The court of appeals reversed. It held that the commission's decision was not appealable pursuant to R.C. 4123.519. The court wrote that once a claim is allowed, the question of whether a claim should be suspended until a claimant complies does not go to the employee's right to participate. The cause was remanded to the trial court to be dismissed.

The cause is now before this court upon the allowance of motions to certify the record.

Michael J. Muldoon, Hilliard, for appellee Pearl Felty.

Porter, Wright, Morris & Arthur and Charles J. Kurtz, III, Columbus, for appellant AT & T Technologies, Inc.

Lee I. Fisher, Atty. Gen., Gerald H. Waterman and Cordelia A. Glenn, Asst. Attys. Gen., for appellant Adm'r, Bureau of Workers' Compensation.

WRIGHT, Justice.

This appeal concerns the question of which Industrial Commission decisions may be appealed to the courts of common pleas. R.C. 4123.519(A) provides that a claimant or an employer "may appeal a decision of the industrial commission or of its staff hearing officer * * * in any injury or occupational disease case, other than a decision as to the extent of disability, to the court of common pleas * * *." We have interpreted this provision narrowly to mean that "[t]he only decisions reviewable pursuant to R.C. 4123.519 are those decisions involving a claimant's right to participate or to continue to participate in the [State Insurance] [F]und." Afrates v. Lorain (1992), 63 Ohio St.3d 22, 584 N.E.2d 1175, paragraph one of the syllabus.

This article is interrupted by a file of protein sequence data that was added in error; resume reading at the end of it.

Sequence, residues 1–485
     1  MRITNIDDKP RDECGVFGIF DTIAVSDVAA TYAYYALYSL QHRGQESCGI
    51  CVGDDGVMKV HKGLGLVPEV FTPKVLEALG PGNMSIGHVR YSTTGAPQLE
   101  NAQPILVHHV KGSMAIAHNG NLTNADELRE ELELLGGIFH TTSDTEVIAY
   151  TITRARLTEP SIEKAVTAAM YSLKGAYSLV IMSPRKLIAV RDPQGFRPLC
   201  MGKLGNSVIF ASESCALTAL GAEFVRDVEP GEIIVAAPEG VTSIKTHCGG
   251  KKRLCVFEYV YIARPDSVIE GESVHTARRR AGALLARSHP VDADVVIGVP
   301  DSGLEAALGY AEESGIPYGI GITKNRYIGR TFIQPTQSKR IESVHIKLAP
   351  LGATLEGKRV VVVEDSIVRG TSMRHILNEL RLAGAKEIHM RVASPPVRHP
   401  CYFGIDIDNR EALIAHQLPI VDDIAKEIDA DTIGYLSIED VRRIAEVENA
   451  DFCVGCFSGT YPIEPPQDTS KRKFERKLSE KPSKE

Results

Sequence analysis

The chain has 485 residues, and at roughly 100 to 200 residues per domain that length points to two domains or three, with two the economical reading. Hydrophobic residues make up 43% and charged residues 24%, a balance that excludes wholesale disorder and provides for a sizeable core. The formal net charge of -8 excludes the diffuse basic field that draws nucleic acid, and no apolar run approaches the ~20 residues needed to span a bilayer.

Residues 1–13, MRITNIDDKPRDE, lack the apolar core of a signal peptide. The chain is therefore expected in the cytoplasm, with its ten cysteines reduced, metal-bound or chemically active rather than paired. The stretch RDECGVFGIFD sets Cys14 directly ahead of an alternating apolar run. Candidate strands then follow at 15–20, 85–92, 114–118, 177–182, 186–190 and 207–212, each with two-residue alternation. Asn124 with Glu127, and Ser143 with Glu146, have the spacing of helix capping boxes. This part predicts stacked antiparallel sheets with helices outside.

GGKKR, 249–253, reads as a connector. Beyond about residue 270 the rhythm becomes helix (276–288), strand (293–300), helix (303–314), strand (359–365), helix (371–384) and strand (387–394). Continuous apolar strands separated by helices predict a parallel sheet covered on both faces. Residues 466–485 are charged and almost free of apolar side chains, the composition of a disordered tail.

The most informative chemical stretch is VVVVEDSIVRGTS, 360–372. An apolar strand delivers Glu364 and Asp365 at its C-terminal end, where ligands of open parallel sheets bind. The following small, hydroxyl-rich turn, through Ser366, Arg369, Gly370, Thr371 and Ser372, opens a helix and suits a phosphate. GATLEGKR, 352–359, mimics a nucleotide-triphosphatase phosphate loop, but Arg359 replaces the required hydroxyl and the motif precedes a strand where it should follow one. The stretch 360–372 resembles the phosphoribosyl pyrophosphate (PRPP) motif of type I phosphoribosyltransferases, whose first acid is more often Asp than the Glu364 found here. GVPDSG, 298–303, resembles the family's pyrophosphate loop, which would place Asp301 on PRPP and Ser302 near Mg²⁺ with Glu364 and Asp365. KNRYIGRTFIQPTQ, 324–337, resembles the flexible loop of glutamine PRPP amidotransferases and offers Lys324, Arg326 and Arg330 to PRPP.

The issue in this case is whether a decision by the commission not to suspend an employee's claim under R.C. 4123.53 and Ohio Adm.Code 4123-3-12 is appealable to the court of common pleas. We hold that it is not.

I

This is another in a line of cases in which this court has struggled to explain litigants' right to judicial review of decisions by the Industrial Commission. Since 1955, when R.C. 4123.519 was enacted by the General Assembly, this court has decided dozens of cases directly involving R.C. 4123.519. Recently three of these cases have been overruled in well-intentioned attempts to settle the law. See State ex rel. Evans v. Indus. Comm. (1992), 64 Ohio St.3d 236, 594 N.E.2d 609 (overruling Gilbert v. Midland-Ross Corp. [1981], 67 Ohio St.2d 267, 21 O.O.3d 168, 423 N.E.2d 847); Afrates v. Lorain, supra (overruling State ex rel. O.M. Scott & Sons Co. v. Indus. Comm. [1986], 28 Ohio St.3d 341, 28 OBR 406, 503 N.E.2d 1032, and Seabloom Roofing & Sheet Metal Co. v. Mayfield [1988], 35 Ohio St.3d 108, 519 N.E.2d 358). Regrettably, even these attempts have failed to provide the workers' compensation bar with the clear direction it must have to effectively and efficiently conduct its practice. 1 1 Hence, we attempt to clarify our recent decisions in light of the present controversy.

II

Litigants may seek judicial review of commission rulings in three ways: by direct appeal to the courts of common pleas under R.C. 4123.519, 2 by filing a mandamus petition in this court or in the Franklin County Court of Appeals,3 or by an action for declaratory judgment pursuant to R.C. Chapter 2721. 4 Which procedural mechanism a litigant may choose depends entirely on the nature of the decision issued by the commission. Each of the three avenues for review is strictly limited; if the litigant seeking judicial review does not make the proper choice, the reviewing court will not have subject matter jurisdiction and the case must be dismissed.